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Idaho committee OKs guns-on-campus bill

Boise Police Chief Michael Masterson speaks out against HB 222, the guns-on-campus bill, to the House State Affairs Committee on Thursday. (Betsy Russell)
Boise Police Chief Michael Masterson speaks out against HB 222, the guns-on-campus bill, to the House State Affairs Committee on Thursday. (Betsy Russell)

BOISE - An Idaho legislative committee has voted 11-8 in favor of legislation to permit guns on the state’s college and university campuses anywhere but in undergrad student dorms - over the objections of law enforcement, the colleges and the state Board of Education.

“It’s a basic human right to be able to protect yourself from those who intend to do you harm,” said Rep. Erik Simpson, R-Idaho Falls, the bill’s sponsor. “Those rights are being overturned by Idaho colleges and universities who are creating a false sense of security for students, faculty and staff and the public by creating gun-free zones.”

Matthew Dogali of the National Rifle Association told the House State Affairs Committee, “You can carry in any sporting event that is not on a college campus right now. So it doesn’t make any sense why Bronco Stadium is different than a hockey stadium.”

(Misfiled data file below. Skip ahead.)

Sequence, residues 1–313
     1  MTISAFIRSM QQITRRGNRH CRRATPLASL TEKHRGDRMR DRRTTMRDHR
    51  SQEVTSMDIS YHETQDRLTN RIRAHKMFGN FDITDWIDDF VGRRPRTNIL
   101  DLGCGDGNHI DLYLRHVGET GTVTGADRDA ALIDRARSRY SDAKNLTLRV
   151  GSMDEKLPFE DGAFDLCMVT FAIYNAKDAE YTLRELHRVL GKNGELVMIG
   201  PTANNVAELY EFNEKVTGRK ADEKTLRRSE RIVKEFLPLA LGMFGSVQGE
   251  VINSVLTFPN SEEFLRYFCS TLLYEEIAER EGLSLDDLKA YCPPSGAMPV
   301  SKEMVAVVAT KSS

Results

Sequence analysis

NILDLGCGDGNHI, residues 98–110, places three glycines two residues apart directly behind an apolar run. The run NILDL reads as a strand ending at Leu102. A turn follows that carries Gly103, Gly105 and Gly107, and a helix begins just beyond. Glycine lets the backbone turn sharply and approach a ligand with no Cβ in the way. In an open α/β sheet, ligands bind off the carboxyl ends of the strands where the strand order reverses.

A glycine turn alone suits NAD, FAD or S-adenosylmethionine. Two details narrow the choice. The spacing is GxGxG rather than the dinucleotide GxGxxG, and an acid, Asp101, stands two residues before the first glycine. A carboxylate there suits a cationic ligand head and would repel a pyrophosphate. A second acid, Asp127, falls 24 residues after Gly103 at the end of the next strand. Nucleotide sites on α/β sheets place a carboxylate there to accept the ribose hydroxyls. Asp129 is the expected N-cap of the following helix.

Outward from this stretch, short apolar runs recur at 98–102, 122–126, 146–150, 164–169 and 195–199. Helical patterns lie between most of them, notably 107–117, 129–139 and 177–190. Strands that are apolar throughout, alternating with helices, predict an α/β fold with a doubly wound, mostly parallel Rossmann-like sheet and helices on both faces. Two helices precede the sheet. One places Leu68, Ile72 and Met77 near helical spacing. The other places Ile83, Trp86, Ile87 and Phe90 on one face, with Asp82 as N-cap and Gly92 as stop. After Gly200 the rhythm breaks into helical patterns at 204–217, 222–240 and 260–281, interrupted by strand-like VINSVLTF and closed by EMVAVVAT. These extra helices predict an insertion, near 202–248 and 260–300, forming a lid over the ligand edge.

Parrish Miller told the lawmakers, “This is a trend, this is a movement to protect the people’s right to bear firearms. ”

The committee’s three North Idaho members all voted in favor of the bill. They are Reps. Eric Anderson, R-Priest Lake; Frank Henderson, R-Post Falls; and Kathy Sims, R-Coeur d’Alene.

Four Republicans and four Democrats voted against the measure, HB 222.

Among those testifying against it were representatives of the Boise Police Department, the state Board of Education, the University of Idaho, Boise State University, Idaho State University, and the College of Southern Idaho.

Emily Walton, a BSU student, told the committee, “Students are not asking for this to happen. … Honestly, we think it’s crazy.”

Charlotte Twight, a BSU professor of economics who said she was speaking only for herself, said she thinks people with concealed weapons permits, like her, should be able to carry their guns on campus. “Permit holders have taken a class and know their legal responsibilities,” she said. “I narrowly escaped being attacked on campus after dark a few years ago. … Existing policy announces to criminals that we are defenseless on campus.”

The bill doesn’t affect only concealed weapons permit holders; it would permit anyone to openly carry a gun on any Idaho campus, except in undergraduate residence halls. Representatives of both the UI and BSU said that’s problematic, as in many cases, undergraduates and graduate students are housed together in the same units.

Anderson said he never knew about the campus gun bans before the bill came up. “We probably run a bigger risk here (in the state Capitol), with some of the angst of the citizenry, and in this institution we have a right to carry,” he said. “I’ve been around guns all my life. Guns are for protection and for sport.”

The bill now moves to the full House.